Academic Advising

academic advising

Handbook – The Do's of Academic Advising

  • Appreciate the emotion behind your advisee's words (voice intonation and body language).
  • Try to consistently check your understanding of what you hear (not hear what you want to hear).
  • Do not interrupt your advisee's sentences. Let him/her tell his/her story first.
  • Fight off all external distractions.
  • Constantly check to see if your advisee wants to comment or respond to what you have previously said.
  • Relax—try not to give the impression you want to jump right in and talk.
  • Establish good eye contact.
  • Use affirmative head nods and appropriate facial expressions.
  • Avoid nervous or bored gestures.
  • Intermittently respond to your advisee with "uh, huh," "yes-s-s," "I see," etc.
  • Ask clarifying or continuing questions (it demonstrates to your advisees that you are involved in what they're saying).
  • Face your advisee squarely. It says that "I'm available to you."
  • Maintain an "open" posture. This is a sign that the helper is open to what the advisee has to say. It is a non-defensive position.
  • Lean towards the other, another indication of availability or involvement.
  • Recognize the advisee's non-verbal behavior. Examples are bodily movements, gestures, facial expressions. Also recognize the para-linguistic behavior. Examples are tone of voice, inflections, and spacing of words, emphases and pauses. This will enable you to respond to the advisee's total message and not just words.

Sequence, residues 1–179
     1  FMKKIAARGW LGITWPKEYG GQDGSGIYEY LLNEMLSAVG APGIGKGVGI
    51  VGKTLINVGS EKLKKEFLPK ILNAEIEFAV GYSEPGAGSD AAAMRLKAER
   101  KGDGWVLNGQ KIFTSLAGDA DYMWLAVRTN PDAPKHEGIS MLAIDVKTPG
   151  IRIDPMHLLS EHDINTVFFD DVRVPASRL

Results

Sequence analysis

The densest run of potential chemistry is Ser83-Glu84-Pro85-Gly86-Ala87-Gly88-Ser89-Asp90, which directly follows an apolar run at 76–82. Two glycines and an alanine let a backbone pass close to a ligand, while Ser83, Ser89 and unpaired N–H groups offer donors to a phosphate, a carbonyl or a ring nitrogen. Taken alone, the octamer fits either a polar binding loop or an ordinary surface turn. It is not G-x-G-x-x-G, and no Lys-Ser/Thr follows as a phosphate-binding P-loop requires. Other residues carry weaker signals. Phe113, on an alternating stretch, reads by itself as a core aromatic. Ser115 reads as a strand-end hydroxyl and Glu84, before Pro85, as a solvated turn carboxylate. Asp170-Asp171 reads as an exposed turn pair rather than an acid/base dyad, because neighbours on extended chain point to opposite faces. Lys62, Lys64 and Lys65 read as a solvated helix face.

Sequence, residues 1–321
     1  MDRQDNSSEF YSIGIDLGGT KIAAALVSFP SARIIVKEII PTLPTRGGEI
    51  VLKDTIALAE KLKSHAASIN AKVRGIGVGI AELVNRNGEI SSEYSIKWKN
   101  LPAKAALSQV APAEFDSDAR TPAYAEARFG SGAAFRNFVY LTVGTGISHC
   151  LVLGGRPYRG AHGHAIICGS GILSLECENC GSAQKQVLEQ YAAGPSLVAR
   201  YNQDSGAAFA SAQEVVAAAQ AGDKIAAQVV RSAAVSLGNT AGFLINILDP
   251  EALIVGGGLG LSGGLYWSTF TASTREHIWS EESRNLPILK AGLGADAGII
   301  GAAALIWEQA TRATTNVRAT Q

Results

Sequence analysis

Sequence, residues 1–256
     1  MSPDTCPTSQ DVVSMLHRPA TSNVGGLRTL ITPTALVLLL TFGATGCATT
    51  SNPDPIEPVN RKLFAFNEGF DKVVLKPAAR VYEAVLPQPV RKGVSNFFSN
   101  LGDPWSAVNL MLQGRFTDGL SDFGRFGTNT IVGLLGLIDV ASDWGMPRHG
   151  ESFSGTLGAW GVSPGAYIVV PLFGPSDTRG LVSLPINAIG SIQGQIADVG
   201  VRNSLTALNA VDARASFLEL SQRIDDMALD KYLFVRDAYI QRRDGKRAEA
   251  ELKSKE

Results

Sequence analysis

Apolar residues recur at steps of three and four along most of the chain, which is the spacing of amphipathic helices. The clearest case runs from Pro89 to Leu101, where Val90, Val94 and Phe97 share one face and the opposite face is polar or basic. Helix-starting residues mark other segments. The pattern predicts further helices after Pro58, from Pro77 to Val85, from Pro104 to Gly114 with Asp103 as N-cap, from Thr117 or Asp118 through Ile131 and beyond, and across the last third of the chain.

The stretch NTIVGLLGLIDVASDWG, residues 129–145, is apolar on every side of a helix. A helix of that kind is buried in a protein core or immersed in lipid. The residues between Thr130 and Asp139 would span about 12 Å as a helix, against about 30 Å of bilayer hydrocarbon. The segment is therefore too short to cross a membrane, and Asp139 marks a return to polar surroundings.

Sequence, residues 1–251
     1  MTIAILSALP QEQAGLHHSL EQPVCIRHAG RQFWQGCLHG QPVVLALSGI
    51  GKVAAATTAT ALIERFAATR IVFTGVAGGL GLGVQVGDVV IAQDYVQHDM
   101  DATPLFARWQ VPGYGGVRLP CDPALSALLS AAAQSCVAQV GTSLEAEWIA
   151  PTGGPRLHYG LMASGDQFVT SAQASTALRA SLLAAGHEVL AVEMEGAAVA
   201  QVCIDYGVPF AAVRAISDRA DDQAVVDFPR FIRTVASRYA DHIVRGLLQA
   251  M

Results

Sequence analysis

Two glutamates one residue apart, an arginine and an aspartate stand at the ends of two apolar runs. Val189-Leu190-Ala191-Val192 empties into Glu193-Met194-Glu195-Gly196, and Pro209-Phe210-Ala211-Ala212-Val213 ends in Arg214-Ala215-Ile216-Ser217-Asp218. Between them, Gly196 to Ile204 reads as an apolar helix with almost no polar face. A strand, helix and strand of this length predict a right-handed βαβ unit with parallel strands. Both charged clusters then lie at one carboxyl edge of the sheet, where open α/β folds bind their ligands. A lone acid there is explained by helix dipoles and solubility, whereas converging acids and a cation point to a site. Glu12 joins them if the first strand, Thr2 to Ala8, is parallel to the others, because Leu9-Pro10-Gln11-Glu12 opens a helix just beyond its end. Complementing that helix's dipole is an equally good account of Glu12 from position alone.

• Recognize verbal behavior of the advisee. Be an active listener and listen for feelings and content behind the words, not just the words. Try to recognize if the feeling of the advisee is anger, happiness, frustration, or irritation and see if this conflicts with the words the advisee uses. This will enable you to respond accurately and effectively to the advisee in full perspective.
  • Offer reflections on what the student is feeling, based on the advisor's observations. Example: "I sense you are kind of tense about this."
  • Self-disclosure which can support the student's experience. Example: "I remember how nervous I was the first time I went in to see an advisor."
  • Offer reflections on what the student is saying.  Example:  "I hear you saying that you aren't completely sure this is the right major for you."
  • Indirect leads allow the student to choose the direction of the discussion. Example: "What would you like to talk about today?"
  • Direct leads help the student to further explore a specific area. Example: "Can you tell me more about your thoughts on changing your major?"
  • Focusing helps the student zoom in on a particular issue after many issues have been presented. Example: "We're talking about a lot of things here, which one is the most important for you to work on now?"
  • Asking questions using "what" or "how" can help the student give more than "yes," "no," "because," or "I don't know" answers. Example: "What do you like about this major and what don't you like?"